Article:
Flashback gets $2.1M to make sense of "dirty" medical data via machine learning

Garrett Reim

File 31067

Flashback Technologies, a medical data machine learning startup, has just raised a $2 million Series A round. The round was led by private equity firm PAC Partners and included financing from former investors. In total the company has raised $12 million. Flashback has a patent pending software program called CipherSensor, which it claims is more able than previous software systems to analyze terabytes of so-called “dirty” medical data. 

“We are very excited about closing this most recent round of financing, the timing and success of which is a terrific validation of our capability to deliver a ground-breaking technology to the healthcare marketplace”, said Gordon Van Dusen, president & CEO.

Initially, Flashback aims to use CipherSensor to help make treatment decisions for patients in trauma and critical care facilities, because the complex set of variables swirling around those circumstances tend to make data analysis difficult.

The software can collect and analyze data via machine learning in “areas where data is complex, high volume and ‘dirty,’ areas where other data analytic solutions have often proven ineffective,” said founder and chief technology officer, Greg Grudic.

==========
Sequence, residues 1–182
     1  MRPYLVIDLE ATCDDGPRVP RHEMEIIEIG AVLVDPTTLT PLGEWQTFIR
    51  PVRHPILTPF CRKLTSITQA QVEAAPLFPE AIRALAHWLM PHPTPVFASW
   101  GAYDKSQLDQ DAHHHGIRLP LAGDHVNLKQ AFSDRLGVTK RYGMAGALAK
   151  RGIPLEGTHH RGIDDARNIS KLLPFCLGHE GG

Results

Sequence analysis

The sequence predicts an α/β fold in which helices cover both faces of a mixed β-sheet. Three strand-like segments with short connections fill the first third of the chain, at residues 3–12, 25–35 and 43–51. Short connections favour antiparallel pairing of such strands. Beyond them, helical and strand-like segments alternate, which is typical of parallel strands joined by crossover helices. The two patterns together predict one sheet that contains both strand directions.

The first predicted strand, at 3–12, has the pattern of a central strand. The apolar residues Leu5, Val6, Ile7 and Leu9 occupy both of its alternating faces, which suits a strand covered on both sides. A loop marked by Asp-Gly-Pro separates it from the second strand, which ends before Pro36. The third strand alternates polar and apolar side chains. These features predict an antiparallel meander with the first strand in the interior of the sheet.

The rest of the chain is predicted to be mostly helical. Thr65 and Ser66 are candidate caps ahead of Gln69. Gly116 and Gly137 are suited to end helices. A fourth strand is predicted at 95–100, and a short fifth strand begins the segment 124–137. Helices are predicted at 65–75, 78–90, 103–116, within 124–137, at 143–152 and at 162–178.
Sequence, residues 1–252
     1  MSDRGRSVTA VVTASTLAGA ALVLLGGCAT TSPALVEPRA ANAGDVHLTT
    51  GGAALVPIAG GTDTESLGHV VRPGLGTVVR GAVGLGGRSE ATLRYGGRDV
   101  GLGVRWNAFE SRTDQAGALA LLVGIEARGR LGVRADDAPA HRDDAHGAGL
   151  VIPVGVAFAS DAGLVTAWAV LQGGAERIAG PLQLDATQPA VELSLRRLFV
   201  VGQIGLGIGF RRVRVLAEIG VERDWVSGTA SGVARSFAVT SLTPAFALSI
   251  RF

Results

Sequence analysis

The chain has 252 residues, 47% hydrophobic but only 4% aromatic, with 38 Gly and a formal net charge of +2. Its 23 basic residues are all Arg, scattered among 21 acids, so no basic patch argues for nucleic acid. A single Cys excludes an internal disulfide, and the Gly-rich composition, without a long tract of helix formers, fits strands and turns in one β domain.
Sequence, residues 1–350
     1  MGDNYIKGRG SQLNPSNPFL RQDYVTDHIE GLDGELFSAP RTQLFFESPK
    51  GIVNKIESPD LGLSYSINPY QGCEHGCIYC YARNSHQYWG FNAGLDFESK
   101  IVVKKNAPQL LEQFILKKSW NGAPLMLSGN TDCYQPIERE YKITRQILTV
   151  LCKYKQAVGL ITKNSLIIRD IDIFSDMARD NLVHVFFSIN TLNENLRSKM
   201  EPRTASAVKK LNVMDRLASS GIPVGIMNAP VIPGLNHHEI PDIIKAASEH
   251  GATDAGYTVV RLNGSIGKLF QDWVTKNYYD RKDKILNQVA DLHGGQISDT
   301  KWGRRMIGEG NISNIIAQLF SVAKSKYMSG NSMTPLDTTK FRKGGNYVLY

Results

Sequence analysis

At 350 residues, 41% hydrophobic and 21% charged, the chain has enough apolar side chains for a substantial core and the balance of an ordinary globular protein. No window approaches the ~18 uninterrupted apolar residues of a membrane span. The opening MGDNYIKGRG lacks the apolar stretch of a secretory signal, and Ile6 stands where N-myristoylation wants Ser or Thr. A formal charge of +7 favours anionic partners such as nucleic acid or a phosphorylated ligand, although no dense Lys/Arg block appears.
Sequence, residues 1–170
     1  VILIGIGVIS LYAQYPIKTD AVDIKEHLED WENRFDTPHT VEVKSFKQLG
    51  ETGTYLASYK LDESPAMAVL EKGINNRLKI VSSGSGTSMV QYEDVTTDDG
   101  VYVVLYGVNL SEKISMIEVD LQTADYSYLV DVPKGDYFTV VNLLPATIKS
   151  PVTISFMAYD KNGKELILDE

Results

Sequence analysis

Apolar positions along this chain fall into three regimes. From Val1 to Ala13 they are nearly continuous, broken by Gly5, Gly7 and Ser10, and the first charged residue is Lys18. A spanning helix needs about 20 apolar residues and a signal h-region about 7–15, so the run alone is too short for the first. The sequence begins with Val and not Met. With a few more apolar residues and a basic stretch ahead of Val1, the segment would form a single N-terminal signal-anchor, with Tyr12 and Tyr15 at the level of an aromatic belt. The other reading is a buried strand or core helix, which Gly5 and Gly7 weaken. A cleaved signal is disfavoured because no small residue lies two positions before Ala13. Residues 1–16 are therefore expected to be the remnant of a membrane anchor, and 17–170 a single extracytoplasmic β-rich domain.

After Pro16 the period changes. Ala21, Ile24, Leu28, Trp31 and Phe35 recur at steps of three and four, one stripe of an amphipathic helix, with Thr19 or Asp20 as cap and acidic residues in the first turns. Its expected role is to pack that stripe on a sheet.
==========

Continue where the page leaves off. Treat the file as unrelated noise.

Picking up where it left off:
To make sense of large, chaotic data sets, the company claims its CipherSensor software takes a more agnostic and open-minded approach to looking at data. As such, the company claims it is better at analyzing large volumes of data where the bias of other software analytics programs may have missed insights or provided false conclusions.

“The CipherSensor Technology analyzes these large data streams without any knowledge of their origin or potential role, but rather in the context of the desired outcomes or criteria of success in which the data streams exist,” said Flashback’s website. “The CipherSensor computational engine consumes massive amounts of information, determines the relevant information in the dataset based on its relationship to the outcome of interest, and utilizes that information to create predictions of how likely the outcome of interest is at any given time.”

The company doesn’t plan to launch its first product until the end of 2015; it is sustaining itself on investment capital. Funding from this Series A round will be used to build infrastructure, hire additional staff, and provide additional working capital. 

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